From his window, the elder
Would often watch his son,
Remembering that he was foolish and lowly
And enjoyed menial work.
Then the elder
Put on a worn and dirty robe,
And, holding a dung shovel,
Went to where his son was.
Expediently drawing near to him,
He said, “Work with diligence,
For I have increased your wages,
And shall give you oil for your feet,
And your fill of food and drink,
And thick, warm bedding.”
Thus he spoke sharply saying,
“You must work hard!”
And then in gentler tones, he added,
“You are like my own son.
The elder, in his wisdom,
Eventually allowed him to come and go.
For a period of twenty years,
He was put in charge of household business.
He showed him his gold, silver,
Real pearls and crystal.
The income and expense of all these things,
He was caused to know.
And yet the son still lived outside the gate,
Dwelling in a grass hut
Thinking of his poverty:
“None of these things are mine.
The father knew his son’s mind
Gradually had expanded,
And wishing to give him wealth,
He gathered together his relatives,
The kings, and great ministers,
The Kshatriyas and lay people.
In the midst of this great assembly ,
He said, “This is my son.
He left me and went away
Fifty years ago.
And it has been twenty years
Since I saw him return.
Long ago in a certain city
I lost my son.
Searching for him everywhere,
I came to this place.
Everything that I own,
My houses and servants,
I bequeath it all to him
That he may use it as he pleases
The son, recalling his former poverty
And his lowly intentions.
Who now, in his father’s presence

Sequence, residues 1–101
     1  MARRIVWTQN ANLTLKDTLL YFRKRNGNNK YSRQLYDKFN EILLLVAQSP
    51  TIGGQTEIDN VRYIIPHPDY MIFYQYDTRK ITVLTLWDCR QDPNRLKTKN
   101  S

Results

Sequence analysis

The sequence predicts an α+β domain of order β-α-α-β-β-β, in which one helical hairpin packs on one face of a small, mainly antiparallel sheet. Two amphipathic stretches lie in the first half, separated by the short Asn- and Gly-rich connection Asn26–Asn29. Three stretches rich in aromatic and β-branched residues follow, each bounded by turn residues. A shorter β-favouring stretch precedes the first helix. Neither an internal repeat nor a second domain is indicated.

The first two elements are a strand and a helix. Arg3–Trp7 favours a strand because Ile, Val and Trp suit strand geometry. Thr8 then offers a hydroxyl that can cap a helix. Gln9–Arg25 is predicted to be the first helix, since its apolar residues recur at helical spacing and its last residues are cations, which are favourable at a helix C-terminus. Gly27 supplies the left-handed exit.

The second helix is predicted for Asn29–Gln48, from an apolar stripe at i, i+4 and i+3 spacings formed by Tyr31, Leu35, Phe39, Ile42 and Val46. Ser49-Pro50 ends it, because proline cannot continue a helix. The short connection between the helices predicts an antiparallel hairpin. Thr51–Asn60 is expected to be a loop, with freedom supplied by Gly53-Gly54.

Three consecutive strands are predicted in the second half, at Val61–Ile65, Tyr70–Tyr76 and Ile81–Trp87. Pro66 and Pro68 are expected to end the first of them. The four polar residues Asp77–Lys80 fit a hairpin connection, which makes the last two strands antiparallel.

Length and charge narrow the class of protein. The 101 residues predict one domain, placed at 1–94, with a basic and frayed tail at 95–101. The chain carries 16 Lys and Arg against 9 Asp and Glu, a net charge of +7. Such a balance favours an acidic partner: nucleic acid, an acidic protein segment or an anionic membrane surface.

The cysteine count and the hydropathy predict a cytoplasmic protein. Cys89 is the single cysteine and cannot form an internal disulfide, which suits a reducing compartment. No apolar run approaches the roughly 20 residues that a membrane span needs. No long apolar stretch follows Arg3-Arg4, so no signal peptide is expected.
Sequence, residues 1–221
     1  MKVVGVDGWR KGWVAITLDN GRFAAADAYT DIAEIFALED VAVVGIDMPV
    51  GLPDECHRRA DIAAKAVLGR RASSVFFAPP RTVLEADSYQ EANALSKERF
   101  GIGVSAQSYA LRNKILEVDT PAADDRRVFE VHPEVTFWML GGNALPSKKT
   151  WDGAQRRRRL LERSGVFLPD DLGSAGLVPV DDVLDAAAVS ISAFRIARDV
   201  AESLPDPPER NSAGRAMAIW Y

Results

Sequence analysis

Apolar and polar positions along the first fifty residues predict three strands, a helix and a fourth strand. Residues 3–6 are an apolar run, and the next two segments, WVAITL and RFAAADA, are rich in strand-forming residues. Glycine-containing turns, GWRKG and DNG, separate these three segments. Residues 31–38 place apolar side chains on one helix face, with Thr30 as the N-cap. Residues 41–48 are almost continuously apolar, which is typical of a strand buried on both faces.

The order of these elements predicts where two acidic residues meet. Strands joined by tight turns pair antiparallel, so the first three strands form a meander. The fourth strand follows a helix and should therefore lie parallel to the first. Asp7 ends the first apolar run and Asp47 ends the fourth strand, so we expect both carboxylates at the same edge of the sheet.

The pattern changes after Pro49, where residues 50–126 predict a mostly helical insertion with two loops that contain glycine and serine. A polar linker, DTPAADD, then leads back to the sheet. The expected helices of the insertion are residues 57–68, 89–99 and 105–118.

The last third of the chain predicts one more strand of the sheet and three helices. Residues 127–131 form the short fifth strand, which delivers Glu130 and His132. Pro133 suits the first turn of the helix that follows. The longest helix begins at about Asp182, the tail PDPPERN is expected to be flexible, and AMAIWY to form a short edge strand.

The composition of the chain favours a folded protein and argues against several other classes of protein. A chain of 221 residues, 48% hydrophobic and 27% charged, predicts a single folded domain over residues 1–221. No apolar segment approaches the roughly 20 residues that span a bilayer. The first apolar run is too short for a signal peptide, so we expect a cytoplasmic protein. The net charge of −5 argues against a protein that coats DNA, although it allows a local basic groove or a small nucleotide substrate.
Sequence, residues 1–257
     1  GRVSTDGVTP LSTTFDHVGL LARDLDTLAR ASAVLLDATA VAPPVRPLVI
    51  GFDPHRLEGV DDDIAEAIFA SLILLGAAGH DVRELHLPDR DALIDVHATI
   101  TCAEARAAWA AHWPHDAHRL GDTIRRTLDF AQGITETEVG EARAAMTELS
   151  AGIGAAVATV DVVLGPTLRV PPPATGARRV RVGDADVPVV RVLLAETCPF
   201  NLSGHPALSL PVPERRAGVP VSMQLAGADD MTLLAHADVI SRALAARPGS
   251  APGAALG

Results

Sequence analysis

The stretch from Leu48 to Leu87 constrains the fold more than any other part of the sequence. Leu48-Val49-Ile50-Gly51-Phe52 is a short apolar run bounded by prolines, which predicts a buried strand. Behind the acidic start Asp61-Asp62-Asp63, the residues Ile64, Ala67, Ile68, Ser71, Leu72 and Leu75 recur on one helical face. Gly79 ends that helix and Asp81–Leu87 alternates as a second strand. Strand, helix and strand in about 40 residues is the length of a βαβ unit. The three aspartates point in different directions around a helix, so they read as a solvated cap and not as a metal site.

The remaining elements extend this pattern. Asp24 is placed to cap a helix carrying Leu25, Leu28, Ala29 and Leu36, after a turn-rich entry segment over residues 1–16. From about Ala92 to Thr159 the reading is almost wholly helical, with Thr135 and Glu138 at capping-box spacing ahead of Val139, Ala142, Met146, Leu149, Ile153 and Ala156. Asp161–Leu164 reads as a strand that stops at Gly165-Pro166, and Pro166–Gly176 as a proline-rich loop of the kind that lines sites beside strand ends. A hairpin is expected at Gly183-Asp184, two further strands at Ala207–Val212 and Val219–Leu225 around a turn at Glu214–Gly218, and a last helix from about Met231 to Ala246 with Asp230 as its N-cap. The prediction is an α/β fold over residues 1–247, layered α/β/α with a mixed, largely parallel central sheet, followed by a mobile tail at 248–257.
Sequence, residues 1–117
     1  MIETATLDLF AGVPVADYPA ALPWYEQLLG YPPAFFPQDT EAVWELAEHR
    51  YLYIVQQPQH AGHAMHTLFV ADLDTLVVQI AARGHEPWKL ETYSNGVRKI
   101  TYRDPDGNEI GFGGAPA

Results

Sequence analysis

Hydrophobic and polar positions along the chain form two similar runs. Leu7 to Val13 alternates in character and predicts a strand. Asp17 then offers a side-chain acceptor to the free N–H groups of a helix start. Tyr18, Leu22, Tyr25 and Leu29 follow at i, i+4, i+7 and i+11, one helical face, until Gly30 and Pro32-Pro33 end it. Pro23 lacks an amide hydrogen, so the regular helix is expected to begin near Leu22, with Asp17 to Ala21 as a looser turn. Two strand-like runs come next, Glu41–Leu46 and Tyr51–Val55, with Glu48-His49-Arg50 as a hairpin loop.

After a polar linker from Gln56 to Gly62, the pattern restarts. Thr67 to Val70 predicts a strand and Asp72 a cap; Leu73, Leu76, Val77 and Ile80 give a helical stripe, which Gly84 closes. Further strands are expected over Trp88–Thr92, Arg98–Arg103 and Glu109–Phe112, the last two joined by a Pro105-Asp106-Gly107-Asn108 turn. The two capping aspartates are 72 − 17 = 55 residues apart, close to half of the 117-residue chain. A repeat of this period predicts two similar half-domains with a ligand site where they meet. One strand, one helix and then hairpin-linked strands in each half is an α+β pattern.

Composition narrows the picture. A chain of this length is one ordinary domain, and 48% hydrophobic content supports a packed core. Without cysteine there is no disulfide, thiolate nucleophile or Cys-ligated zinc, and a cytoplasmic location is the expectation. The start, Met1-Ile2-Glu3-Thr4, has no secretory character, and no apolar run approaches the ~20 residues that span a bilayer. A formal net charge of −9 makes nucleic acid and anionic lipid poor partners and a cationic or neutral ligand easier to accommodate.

Had obtained these precious jewels,
And these dwelling places,
And all such wealth,
Having gained what he’d never had.
The Buddha in the same way
Knew our fondness for the petty.
And so he never said to us,
“You shall become Buddhas.”
Instead he said that we
Could attain cessation of all outflows,
Realize the lesser vehicle,
And become Hearer Disciples.
The Buddha has instructed us
To speak of the unsurpassed Path,
And spoken of those who practice it
As being able to accomplish Buddhahood.
Receiving the Buddha’s teaching, we
For the sake of the Great Bodhisattvas,
Use causes and conditions,
And numerous expressions
To speak of the unsurpassed Path.
All the Buddha’s disciples,
Having heard from us this Dharma,
Think upon it day and night,
And diligently practice it.
Thereupon, all the Buddhas,
Then bestow predictions upon them,
Saying, “You, in future age,
Shall become Buddhas.”
This is the secret store of Dharma,
Of all the Buddhas.
Only for the Bodhisattvas
Are such real matters set forth.
And not for our sakes
Have such true essentials been spoken.
Just as the poor son.
Drew near his father, and
Although he knew of all his possessions,
In his heart he held no hope of getting them,
In just the same way,
Even though we have spoken
Of the Buddhadharma’s precious store,
We personally never aspired to it.
Having attained inner-extinction,
We thought this sufficient,
For having completed this,
There was nothing else to be done.
And even if we had heard
Of purifying Buddhalands,
And teaching and transforming living beings,
We’d have taken no delight therein.
And for what reason?
All dharmas are
Completely empty and still,
Neither produced nor destroyed,
Neither great nor small,
Without outflows and unconditioned.
Reflecting in this way,
We did not give rise to joy.
During the long night,
We had no craving or attachment
For the Buddha’s wisdom,
Nor did we aspire to it,